Containment of groundwater contamination plumes: minimizing drawdown by aligning capture wells parallel to regional flow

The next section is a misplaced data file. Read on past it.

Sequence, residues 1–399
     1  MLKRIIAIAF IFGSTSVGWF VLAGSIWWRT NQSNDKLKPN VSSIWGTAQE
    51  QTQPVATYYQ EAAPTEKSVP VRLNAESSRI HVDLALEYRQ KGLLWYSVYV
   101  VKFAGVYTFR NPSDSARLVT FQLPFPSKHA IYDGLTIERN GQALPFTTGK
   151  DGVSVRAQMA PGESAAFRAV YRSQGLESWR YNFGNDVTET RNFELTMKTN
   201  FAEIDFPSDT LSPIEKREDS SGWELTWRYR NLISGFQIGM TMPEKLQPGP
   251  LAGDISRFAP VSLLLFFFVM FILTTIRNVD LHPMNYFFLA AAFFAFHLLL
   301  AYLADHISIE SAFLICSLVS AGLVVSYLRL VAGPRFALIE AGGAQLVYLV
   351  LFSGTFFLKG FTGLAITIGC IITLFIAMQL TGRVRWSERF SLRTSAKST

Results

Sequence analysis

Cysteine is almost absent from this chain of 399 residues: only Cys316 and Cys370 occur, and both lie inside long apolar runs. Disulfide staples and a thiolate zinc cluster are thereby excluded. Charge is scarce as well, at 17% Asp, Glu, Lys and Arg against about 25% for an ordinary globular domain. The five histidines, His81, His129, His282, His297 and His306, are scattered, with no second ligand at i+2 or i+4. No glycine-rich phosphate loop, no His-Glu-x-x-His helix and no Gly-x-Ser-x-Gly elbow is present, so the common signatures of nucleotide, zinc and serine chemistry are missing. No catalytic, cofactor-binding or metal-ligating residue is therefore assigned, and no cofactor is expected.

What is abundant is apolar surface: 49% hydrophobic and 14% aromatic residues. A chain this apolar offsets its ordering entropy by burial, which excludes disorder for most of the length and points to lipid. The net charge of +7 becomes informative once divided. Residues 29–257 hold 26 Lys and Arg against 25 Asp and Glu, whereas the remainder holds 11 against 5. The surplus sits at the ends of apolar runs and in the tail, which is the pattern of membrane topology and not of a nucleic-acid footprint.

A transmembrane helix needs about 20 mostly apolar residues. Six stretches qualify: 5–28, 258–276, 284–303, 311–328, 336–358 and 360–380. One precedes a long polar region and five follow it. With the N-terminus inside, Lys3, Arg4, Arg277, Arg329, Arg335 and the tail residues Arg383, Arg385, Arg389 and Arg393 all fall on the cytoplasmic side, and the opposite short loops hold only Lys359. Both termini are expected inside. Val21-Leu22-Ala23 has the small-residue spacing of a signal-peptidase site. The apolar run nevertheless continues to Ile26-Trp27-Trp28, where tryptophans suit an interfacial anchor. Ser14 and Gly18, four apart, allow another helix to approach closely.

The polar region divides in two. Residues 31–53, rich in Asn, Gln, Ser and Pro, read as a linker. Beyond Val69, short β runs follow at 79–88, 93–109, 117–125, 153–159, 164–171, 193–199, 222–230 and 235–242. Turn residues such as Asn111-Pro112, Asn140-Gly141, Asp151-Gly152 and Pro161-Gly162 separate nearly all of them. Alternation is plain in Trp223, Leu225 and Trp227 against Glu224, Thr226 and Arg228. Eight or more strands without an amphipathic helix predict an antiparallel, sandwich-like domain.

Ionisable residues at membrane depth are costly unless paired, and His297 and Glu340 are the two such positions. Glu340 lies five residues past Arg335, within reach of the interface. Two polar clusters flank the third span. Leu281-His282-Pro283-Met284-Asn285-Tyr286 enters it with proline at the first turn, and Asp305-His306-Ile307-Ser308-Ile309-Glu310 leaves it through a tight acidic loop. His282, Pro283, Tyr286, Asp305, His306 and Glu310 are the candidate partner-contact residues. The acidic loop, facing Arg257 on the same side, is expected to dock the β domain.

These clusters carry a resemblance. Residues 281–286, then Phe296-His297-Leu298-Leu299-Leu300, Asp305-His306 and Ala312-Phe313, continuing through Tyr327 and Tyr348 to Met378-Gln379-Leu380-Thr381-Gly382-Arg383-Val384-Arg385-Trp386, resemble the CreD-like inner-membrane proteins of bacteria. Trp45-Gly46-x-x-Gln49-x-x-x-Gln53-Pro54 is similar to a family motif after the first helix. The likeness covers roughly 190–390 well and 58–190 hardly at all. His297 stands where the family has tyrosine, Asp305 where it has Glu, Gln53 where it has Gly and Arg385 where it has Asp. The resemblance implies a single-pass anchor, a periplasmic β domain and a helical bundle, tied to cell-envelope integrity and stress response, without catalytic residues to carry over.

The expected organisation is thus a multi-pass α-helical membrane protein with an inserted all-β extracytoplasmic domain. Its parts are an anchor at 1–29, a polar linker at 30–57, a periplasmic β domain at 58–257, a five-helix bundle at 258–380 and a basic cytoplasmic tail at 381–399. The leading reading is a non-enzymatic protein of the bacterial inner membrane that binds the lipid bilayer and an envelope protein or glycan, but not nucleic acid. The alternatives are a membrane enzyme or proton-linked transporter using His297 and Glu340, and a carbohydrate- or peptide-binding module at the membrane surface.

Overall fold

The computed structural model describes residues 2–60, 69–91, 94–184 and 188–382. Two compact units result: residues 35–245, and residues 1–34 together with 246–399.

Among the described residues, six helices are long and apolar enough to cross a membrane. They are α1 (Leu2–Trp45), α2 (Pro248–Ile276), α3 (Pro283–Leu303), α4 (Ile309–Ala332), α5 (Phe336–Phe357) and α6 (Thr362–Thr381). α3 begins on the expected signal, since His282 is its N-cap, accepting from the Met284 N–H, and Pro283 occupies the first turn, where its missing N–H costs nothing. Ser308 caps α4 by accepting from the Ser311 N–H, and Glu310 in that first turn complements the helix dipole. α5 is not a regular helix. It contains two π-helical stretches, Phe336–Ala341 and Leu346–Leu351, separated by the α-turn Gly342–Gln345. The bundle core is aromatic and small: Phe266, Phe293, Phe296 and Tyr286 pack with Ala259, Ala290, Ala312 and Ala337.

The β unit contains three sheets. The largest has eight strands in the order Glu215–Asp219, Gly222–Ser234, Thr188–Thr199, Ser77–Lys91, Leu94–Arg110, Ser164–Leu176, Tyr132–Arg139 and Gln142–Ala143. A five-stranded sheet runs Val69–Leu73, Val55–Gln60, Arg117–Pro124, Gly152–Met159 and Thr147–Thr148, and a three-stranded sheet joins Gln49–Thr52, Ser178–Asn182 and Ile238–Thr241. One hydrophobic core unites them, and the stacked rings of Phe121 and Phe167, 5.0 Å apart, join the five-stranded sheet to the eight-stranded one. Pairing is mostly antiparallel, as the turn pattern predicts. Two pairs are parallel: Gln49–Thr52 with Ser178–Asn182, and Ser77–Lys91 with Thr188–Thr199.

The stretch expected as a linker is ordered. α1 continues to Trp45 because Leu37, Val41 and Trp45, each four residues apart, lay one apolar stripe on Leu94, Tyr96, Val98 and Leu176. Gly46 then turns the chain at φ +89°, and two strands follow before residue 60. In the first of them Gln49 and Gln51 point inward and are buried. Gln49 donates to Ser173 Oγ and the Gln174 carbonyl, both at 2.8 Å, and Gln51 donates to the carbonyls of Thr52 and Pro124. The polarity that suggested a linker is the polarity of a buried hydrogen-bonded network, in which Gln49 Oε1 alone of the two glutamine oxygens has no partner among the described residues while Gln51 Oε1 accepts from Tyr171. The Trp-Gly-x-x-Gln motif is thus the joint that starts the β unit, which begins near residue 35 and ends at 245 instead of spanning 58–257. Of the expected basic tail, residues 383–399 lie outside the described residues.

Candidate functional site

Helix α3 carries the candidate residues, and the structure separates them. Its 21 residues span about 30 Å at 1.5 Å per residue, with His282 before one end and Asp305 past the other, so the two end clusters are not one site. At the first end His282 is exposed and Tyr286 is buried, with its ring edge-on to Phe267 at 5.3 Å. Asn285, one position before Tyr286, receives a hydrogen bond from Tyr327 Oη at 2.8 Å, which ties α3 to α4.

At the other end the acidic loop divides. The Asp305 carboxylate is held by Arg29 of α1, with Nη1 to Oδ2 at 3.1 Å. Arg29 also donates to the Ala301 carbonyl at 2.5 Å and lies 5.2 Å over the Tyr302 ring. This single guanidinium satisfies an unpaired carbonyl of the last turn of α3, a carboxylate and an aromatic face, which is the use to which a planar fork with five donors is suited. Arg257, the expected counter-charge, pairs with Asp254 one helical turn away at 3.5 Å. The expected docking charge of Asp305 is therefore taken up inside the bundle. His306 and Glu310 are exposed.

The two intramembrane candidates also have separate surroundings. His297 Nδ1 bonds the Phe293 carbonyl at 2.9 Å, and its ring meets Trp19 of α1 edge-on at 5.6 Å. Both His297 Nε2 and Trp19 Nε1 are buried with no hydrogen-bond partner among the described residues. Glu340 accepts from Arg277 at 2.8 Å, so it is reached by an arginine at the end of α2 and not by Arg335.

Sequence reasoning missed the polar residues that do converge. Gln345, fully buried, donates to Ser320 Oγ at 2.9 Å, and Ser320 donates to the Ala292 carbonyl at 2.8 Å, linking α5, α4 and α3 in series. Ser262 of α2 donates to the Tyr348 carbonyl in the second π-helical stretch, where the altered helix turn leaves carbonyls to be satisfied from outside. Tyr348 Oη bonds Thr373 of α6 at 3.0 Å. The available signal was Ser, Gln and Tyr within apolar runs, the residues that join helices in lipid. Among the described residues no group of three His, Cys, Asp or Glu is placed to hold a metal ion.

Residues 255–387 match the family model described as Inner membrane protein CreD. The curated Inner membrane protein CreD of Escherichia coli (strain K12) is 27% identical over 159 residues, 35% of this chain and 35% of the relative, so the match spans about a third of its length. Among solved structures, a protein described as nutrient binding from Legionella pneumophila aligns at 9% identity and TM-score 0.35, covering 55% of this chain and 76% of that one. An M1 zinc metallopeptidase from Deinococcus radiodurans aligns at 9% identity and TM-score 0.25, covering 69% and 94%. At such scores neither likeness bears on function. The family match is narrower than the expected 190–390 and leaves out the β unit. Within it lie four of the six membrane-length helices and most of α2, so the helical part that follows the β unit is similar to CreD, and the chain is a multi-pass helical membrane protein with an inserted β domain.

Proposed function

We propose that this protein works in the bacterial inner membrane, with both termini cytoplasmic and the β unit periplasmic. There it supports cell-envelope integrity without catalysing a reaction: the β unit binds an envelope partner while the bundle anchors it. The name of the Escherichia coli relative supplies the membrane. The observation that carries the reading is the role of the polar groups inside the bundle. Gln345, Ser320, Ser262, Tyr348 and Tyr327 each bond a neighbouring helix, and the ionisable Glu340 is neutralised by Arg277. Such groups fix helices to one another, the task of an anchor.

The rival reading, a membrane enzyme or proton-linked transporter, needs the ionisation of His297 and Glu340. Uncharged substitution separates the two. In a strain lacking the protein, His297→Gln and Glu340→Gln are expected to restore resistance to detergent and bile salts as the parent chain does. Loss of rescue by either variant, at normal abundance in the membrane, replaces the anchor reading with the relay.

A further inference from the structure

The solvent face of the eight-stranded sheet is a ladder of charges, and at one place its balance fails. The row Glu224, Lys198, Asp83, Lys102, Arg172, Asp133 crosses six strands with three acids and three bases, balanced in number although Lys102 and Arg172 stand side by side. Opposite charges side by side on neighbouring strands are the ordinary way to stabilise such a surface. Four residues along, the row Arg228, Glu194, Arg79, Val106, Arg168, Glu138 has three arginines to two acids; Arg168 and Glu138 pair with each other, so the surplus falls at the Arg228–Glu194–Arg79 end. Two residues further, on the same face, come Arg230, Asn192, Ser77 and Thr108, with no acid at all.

Pump-and-treat systems that are installed to contain contaminated groundwater migration typically involve placement of extraction wells perpendicular to the regional groundwater flow direction at the down gradient edge of a contaminant plume. These wells capture contaminated water for above ground treatment and disposal, thereby preventing further migration of contaminated water down gradient. In this work, examining two-, three-, and four-well systems, we compare well configurations that are parallel and perpendicular to the regional groundwater flow direction. We show that orienting extraction wells co-linearly, parallel to regional flow, results in (1) a larger area of aquifer influenced by the wells at a given total well flow rate, (2) a center and ultimate capture zone width equal to the perpendicular configuration, and (3) more flexibility with regard to minimizing drawdown. Although not suited for some scenarios, we found orienting extraction wells parallel to regional flow along a plume centerline, when compared to a perpendicular configuration, reduces drawdown by up to 7% and minimizes the fraction of uncontaminated water captured.